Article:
To reduce the stress on the corners, Apple notched the internal corner of the battery. Samuel Axon, Ars Technica, "iFixit’s iPhone XS and XS Max teardown: Like the iPhone X with a couple surprises," 21 Sep. 2018 Developers of Eco Park, as the site is now called, say there have been improvements to the enclosures and the 45-acre (18-hectare) site has been closed to the public, reducing the stress on the animals. Luis Andres Henao, Fox News, "Giraffe, rhino deaths raise alarm at former Buenos Aires zoo," 22 Aug. 2018 Harvard researchers found that even a 20-minute walk could clear the mind and reduce stress hormones. Sarah Richards, Woman's Day, "Quiet Your Mind in Anxious Times With These Expert Tricks," 14 Aug. 2018 His opponent Steuart Pittman, a Democrat, says Schuh has allowed too much development in his first term, contributing to more traffic and stress on the county's roads. Elisha Sauers, baltimoresun.com, "County Executive Schuh touts $4 million boost for filling potholes and paving roads in Anne Arundel," 12 July 2018 The ambush will inject new stress on the U.S. military’s plans to place conventional military advisers from the brigade in closer proximity to Afghan troops than the Pentagon has done in years. Dan Lamothe, Washington Post, "U.S. soldier killed in Afghanistan was supporting the Army’s new adviser brigade," 8 July 2018 Miller Utech from Stone Ranch Elementary earned second place with a stress on the importance of using water rather than wasting it. Laura Groch, sandiegouniontribune.com, "North County School News, July 5," 5 July 2018 Persistent fear can elevate stress hormones, which are detrimental to the health of the animals. Kevin Davenport, idahostatesman, "Night shift: Animals are retreating into the darkness out of fear of humans," 28 June 2018 As Atlanta grows at a rate far above other top American metro areas, including New York, Los Angeles and Chicago, its surging populace is putting stress on its transportation infrastructure and housing market. Alex Soderstrom, ajc, "Atlanta metro population on pace to pass Philadelphia as 8th largest," 23 June 2018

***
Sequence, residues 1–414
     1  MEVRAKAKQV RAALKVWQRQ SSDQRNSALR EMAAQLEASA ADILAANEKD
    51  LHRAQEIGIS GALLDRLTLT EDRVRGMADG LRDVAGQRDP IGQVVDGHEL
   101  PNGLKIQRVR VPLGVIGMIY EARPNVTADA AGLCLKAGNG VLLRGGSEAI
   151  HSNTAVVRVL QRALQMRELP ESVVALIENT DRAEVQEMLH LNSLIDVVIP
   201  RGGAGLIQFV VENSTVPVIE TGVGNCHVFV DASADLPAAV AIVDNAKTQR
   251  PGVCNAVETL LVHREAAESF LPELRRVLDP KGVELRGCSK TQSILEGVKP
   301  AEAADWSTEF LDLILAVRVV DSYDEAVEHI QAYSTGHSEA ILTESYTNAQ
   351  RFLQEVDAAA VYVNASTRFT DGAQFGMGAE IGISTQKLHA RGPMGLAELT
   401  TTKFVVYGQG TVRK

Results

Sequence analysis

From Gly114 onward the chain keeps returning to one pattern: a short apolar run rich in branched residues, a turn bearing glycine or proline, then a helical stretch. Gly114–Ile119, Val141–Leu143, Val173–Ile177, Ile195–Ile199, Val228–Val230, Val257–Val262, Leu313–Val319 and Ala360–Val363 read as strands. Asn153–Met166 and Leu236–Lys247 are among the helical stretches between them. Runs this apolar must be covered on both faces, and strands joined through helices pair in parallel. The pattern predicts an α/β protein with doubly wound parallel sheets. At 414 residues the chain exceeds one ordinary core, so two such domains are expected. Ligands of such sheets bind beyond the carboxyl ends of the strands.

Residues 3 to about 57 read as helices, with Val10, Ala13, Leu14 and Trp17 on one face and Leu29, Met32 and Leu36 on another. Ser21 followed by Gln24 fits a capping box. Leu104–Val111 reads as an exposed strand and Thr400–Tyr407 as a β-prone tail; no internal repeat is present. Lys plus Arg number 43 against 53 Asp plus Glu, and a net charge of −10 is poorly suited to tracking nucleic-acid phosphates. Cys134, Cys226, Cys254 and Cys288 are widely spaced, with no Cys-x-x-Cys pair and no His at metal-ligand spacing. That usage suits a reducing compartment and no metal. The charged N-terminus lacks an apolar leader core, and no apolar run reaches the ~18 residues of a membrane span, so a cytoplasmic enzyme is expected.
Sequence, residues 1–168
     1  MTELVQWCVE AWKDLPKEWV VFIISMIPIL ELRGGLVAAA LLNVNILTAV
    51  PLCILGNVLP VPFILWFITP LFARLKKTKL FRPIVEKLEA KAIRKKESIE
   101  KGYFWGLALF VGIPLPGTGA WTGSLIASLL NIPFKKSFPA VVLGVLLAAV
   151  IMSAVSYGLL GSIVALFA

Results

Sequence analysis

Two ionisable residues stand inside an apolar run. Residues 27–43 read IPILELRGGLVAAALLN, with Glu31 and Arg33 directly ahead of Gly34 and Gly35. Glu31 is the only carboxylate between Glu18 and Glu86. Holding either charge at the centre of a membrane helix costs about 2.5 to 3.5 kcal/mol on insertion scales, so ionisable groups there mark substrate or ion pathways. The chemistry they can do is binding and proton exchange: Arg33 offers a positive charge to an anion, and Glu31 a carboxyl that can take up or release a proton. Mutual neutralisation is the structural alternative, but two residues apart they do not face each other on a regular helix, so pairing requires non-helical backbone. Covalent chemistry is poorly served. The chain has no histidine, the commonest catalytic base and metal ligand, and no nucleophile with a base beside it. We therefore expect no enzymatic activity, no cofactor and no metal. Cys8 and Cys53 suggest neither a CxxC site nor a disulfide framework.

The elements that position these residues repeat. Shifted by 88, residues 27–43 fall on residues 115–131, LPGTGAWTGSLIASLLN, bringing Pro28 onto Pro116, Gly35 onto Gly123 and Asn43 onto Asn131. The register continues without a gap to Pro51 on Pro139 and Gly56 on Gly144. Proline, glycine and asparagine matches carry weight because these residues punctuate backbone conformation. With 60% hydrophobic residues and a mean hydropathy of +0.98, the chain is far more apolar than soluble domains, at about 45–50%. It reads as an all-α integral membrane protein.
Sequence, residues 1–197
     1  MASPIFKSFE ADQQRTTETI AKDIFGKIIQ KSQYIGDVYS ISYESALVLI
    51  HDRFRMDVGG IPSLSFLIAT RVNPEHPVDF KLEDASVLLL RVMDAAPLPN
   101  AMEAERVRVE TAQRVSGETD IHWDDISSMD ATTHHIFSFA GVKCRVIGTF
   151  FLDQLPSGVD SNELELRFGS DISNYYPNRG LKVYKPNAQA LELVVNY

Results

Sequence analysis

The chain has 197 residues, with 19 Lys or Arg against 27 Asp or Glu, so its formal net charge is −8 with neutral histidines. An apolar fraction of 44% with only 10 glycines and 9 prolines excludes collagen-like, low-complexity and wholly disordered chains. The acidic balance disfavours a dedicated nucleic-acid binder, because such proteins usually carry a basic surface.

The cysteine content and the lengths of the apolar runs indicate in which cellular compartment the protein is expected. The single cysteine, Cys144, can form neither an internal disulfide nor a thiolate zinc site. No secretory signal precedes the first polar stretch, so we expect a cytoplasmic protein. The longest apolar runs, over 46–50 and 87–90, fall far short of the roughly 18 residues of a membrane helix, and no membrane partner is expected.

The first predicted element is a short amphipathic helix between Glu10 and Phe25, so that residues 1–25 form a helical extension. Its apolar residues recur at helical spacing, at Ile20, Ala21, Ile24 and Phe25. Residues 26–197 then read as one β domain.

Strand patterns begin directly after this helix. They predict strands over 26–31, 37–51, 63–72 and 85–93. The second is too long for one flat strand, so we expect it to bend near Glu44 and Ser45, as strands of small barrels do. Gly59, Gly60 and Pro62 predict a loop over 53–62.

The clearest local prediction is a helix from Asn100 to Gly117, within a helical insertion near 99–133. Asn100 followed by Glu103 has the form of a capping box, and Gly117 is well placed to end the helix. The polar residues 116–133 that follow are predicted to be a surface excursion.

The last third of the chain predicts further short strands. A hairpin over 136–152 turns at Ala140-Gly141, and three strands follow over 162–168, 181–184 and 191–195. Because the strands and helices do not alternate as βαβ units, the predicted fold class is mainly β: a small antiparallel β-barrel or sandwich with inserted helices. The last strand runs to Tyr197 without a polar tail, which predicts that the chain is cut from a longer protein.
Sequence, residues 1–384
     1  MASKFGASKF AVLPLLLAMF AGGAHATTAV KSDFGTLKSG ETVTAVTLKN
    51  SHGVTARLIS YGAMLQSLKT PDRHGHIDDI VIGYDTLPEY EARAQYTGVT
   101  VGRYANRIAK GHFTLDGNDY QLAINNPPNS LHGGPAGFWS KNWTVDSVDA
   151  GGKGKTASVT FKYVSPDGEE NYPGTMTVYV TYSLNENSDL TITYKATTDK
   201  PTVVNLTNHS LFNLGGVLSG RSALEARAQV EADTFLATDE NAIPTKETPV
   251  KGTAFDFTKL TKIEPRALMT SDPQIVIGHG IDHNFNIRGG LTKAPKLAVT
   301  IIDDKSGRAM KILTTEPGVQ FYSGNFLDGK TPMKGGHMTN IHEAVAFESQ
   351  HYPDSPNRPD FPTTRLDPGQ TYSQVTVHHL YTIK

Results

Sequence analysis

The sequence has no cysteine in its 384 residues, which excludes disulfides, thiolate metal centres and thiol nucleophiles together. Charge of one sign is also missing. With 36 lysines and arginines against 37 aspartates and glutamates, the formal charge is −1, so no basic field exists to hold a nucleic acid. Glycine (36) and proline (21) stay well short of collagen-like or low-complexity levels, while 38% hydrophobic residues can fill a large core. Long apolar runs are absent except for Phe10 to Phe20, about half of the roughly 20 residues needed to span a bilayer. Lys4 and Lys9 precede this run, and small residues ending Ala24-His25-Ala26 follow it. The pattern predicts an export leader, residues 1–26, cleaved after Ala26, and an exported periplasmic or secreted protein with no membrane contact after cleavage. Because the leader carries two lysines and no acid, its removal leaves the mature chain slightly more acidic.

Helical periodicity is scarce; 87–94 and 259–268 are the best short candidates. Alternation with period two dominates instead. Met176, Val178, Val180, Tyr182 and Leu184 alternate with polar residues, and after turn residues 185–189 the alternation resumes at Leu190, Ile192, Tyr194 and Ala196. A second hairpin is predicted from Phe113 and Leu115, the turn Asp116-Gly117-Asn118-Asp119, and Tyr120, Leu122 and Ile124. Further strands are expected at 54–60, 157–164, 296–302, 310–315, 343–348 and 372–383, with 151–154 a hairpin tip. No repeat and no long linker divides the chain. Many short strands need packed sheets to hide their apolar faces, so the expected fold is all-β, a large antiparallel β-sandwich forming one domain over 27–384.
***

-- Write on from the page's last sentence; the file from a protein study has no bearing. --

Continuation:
Recent Examples on the Web: Verb

Ultimately, the stressed out coach chose to keep contestant Cody Ray on her team. Kelly O'sullivan, Country Living, "'The Voice' Fans Are Obsessed With This Comment Kelly Clarkson Made Last Night," 16 Oct. 2018 Since the draft late in June, Borrego and general manager Mitch Kupchak have stressed the need for a secondary veteran ballhandler behind two-time All-Star Kemba Walker. Brendan Marks, charlotteobserver, "Why rookie Miles Bridges could be 'big-time' for Hornets, plus final minicamp notes," 5 July 2018 Additionally, while the idea of turn-taking might bring to mind a picture of orderly, well-mannered animals, Kendrick stresses that this isn’t always the case. Joshua Rapp Learn, Smithsonian, "Some Animals Take Turns While Talking, Just Like Humans. Why?," 20 June 2018 American citizens across the country have spent the past few months stressing endlessly to one another how important the 2018 midterm elections are. Aja Romano, Vox, "The memes of the 2018 midterm elections reflect a feeling of urgency and determination," 6 Nov. 2018 There are plenty of volunteer opportunities to not just get out the vote, but to do so by stressing how important reproductive freedom is to you. Cady Drell, Marie Claire, "It’s not too late to protect reproductive freedom, but you have to act now.," 11 Oct. 2018 The report drops language from previous reports that stressed worry that inflation would continue to run below the target. Jim Tankersley, BostonGlobe.com, "Fed plays down trade woes and suggests rosy economic outlook," 13 July 2018 Burman stressed the need for a plan and said the current long-term drought is the worst of its kind in 1,200 years. Joshua Bowling, azcentral, "As the Arizona drought persists, Phoenix's water use continues to drop," 12 July 2018 Sugden has repeatedly stressed that school officials were wrong to contact police after learning of the encounters. Amanda Marrazzo, McHenry County, "Ex-music teacher avoids jail for battery, alcohol offenses after lawyer calls victims 'prima donnas'," 6 July 2018